Pes Anserine Bursitis of the Knee
Physical Therapy in Grapevine for Knee
Welcome to Grapevine Physical Therapy & Sports Medicine's patient resource about Pes Anserine Bursitis of the Knee.
Bursitis of the knee occurs when constant friction on the bursa causes inflammation. The bursa is a small sac that cushions the bone from tendons that rub over the bone. Bursae can also protect other tendons as tissues glide over one another. Bursae can become inflamed and irritated causing pain and tenderness.
This guide will help you understand:
What parts of the body are involved?
The pes anserine bursa is the main area affected by this condition. The pes anserine bursa is a small lubricating sac between the tibia (shinbone) and the hamstring muscle. The hamstring muscle is located along the back of the thigh.
There are three tendons of the hamstring: the semitendinosus, semimembranosus, and the biceps femoris. The semitendinosus wraps around from the back of the leg to the front. It inserts into the medial surface of the tibia and deep connective tissue of the lower leg. Medial refers to the inside of the knee or the side closest to the other knee.
Just above the insertion of the semitendinosus tendon is the gracilis tendon. The gracilis muscle adducts or moves the leg toward the body. The semitendinosus tendon is also just behind the attachment of the sartorius muscle. The sartorius muscle bends and externally rotates the hip. Together, these three tendons splay out on the tibia and look like a goosefoot. This area is called the pes anserine or pes anserinus.
The pes anserine bursa provides a buffer or lubricant for motion that occurs between these three tendons and the medial collateral ligament (MCL). The MCL is underneath the semitendinosus tendon.
Related Document: Grapevine Physical Therapy & Sports Medicine's Guide to Knee Anatomy
Knee Anatomy Introduction
What causes this problem?
Overuse of the hamstrings, especially in athletes with tight hamstrings is a common cause of goosefoot. Runners are affected most often. Improper training, sudden increases in distance run, and running up hills can contribute to this condition.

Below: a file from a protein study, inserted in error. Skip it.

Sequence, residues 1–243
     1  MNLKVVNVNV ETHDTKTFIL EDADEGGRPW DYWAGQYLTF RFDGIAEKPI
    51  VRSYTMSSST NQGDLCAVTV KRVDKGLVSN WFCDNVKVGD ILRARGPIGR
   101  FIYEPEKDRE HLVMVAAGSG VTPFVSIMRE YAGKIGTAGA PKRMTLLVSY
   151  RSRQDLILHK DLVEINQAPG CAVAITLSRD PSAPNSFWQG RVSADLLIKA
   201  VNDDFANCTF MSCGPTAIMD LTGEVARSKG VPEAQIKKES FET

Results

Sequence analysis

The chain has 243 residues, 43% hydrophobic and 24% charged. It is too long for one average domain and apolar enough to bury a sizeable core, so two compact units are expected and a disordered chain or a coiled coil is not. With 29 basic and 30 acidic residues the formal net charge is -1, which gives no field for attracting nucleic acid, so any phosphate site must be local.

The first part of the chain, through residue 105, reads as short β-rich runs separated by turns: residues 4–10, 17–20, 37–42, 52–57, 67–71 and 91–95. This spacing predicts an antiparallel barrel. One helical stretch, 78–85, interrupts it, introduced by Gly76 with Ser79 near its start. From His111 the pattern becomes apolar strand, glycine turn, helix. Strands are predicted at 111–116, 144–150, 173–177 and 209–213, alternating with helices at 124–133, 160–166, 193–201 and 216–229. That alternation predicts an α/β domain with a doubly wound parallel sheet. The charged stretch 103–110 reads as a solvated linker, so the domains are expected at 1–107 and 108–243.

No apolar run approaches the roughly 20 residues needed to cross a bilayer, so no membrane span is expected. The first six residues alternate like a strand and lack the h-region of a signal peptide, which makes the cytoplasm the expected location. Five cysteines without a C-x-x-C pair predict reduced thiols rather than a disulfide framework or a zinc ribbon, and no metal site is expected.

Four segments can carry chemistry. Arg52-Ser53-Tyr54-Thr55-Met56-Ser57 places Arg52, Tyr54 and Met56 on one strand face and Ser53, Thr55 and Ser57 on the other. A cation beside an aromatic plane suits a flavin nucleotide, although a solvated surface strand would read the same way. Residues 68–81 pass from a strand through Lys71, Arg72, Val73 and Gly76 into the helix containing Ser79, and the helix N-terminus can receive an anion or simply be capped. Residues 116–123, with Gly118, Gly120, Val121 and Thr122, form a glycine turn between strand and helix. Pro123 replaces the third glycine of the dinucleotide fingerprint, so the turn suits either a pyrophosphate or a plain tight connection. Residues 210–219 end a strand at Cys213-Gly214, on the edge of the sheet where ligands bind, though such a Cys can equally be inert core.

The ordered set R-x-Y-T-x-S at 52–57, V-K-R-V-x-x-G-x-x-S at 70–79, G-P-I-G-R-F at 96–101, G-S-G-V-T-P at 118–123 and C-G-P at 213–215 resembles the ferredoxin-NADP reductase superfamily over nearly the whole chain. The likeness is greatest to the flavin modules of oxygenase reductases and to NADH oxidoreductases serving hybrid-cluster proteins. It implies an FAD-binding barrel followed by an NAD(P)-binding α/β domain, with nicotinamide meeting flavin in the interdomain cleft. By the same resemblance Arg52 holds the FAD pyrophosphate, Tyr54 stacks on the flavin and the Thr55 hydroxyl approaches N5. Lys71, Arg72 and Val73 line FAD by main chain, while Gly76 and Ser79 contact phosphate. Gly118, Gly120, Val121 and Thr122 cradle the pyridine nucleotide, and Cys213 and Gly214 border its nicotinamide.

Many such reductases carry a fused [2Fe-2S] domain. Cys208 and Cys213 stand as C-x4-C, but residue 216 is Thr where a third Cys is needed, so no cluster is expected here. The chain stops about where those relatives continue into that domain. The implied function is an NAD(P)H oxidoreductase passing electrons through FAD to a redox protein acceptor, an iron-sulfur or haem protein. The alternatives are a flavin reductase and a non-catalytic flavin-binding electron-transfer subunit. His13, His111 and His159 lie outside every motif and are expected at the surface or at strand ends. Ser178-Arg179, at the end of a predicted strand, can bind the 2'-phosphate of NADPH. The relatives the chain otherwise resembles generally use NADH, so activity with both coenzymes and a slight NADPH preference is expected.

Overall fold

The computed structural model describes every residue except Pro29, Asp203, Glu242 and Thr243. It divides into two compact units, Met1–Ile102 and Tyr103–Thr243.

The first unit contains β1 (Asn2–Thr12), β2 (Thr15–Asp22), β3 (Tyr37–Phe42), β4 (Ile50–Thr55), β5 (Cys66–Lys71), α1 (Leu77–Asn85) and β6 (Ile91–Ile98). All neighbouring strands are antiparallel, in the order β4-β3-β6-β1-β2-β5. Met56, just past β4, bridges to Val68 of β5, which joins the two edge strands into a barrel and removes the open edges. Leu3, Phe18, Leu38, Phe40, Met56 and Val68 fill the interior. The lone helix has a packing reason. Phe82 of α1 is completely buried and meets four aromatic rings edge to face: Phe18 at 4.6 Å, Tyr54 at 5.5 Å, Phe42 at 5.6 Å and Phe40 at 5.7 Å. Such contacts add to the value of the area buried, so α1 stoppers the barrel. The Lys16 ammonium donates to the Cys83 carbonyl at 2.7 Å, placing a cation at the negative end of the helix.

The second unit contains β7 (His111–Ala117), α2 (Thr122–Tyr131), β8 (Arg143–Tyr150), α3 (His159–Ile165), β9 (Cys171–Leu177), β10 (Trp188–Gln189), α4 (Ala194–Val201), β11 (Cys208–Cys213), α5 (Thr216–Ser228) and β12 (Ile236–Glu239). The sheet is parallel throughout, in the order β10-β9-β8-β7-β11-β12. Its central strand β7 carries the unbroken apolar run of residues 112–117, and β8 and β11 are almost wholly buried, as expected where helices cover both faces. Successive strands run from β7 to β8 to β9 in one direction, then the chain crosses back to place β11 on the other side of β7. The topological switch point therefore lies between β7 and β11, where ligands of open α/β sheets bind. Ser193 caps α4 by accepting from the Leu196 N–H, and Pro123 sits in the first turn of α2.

It can also be caused by trauma such as a direct blow to this part of the knee. A contusion to this area results in an increased release of synovial fluid in the lining of the bursa. The bursa then becomes inflamed and tender or painful.
Anyone with osteoarthritis of the knee is also at increased risk for this condition. And alignment of the lower extremity can be a risk factor for some individuals. A turned out position of the knee or tibia, genu valgum (knock knees), or a flatfoot position can lead to pes anserine bursitis.
What does the condition feel like?
The patient often points to the pes anserine as the area of pain or tenderness. The pes anserine is located about two to three inches below the joint on the inside of the knee. This is referred to as the anterior knee or proximedia tibia. Proximedia is short for proximal and medial. This term refers to the front inside edge of the tibia.
Some patients also have pain in the center of the tibia. This occurs when other structures are also damaged such as the meniscus (cartilage). The pain is made worse by exercise, climbing stairs, or activities that cause resistance to any of these tendons.
When you visit Grapevine Physical Therapy & Sports Medicine, we will take a history and do a physical examination. A history and clinical exam will help our Physical Therapist differentiate pes anserine bursitis from other causes of anterior knee pain, such as patellofemoral syndrome or arthritis. We will also assess hamstring tightness. This is done in the supine position (lying on your back). Our Physical Therapist will flex (bend) your hip to 90 degrees. Your knee is then straightened as far as possible. The amount of knee flexion is an indication of how tight the hamstrings are. If you can straighten your knee all the way in this position, then you do not have tight hamstrings.
Some patients may be referred to a doctor for further diagnosis. Once your diagnostic examination is complete, the Physical Therapists at Grapevine Physical Therapy & Sports Medicine have treatment options that will help speed your recovery, so that you can more quickly return to your active lifestyle.